Study: 1 Pill Cuts HIV Risk 70%

At least for gay men who remember to take it
By Kevin Spak,  Newser Staff
Posted Nov 23, 2010 9:50 AM CST
This May 26, 2006 file photo, shows a close up of Gilead Sciences Inc.'s Truvada pill in a lab in a Foster City, Calif.   (AP Photo/Paul Sakuma, File)

(Newser) – Researchers have hit on what some are calling the first major breakthrough in AIDS prevention medication. By combining two HIV drugs, they’ve created a pill that reduces the risk of contracting the virus by an average of 44%, and by more than 70% if subjects were conscientious about taking it, the LA Times reports. The study was conducted on a group of 2,500 high-risk gay men, but scientists see no reason it wouldn’t work in other populations as well.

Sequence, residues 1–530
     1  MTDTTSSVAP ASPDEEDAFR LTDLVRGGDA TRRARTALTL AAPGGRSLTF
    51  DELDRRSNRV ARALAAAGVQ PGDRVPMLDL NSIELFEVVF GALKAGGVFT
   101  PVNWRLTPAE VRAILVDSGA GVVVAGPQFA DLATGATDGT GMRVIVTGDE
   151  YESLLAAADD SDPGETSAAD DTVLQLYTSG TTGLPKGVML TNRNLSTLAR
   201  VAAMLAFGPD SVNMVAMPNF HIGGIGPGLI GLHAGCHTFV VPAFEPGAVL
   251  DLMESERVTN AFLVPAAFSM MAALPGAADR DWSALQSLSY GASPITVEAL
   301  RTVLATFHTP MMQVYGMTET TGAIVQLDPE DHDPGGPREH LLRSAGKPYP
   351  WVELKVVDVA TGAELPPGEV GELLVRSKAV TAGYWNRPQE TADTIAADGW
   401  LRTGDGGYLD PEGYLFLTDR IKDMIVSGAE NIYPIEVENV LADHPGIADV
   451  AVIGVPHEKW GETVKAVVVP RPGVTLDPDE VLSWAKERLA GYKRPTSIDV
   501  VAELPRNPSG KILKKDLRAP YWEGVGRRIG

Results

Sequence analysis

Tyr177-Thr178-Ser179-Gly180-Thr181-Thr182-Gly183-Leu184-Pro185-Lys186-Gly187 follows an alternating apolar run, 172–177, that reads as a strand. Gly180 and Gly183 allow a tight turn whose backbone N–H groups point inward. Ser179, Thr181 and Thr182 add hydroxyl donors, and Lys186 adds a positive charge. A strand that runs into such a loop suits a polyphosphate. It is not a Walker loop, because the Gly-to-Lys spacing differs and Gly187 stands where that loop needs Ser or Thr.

The study comes on the heels of an African study showing that a microbicidal gel could help protect women from the disease, and a little over a year after a promising vaccine trial. “To see all these prevention strategies come together, we can begin to see an end to the epidemic,” said a member of the Presidential Advisory Council on HIV/AIDS. Indeed, a UNAID report yesterday revealed that more than 1.2 million people began taking anti-HIV therapies last year, a 30% increase.

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